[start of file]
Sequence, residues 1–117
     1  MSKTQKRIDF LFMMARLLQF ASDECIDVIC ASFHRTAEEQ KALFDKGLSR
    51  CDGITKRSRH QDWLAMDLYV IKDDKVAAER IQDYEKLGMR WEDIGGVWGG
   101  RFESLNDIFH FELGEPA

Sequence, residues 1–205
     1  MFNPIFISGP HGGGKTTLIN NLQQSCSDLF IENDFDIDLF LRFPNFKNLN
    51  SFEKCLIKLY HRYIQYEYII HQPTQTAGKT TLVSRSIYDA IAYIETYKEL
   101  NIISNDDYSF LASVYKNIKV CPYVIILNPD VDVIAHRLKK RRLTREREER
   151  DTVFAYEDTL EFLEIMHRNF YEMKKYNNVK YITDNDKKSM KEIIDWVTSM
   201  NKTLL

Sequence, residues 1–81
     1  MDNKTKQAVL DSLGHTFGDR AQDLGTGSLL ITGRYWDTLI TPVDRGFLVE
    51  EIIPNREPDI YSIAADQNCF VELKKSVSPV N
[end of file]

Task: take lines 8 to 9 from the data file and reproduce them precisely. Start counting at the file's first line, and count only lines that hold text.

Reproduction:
   101  NIISNDDYSF LASVYKNIKV CPYVIILNPD VDVIAHRLKK RRLTREREER
   151  DTVFAYEDTL EFLEIMHRNF YEMKKYNNVK YITDNDKKSM KEIIDWVTSM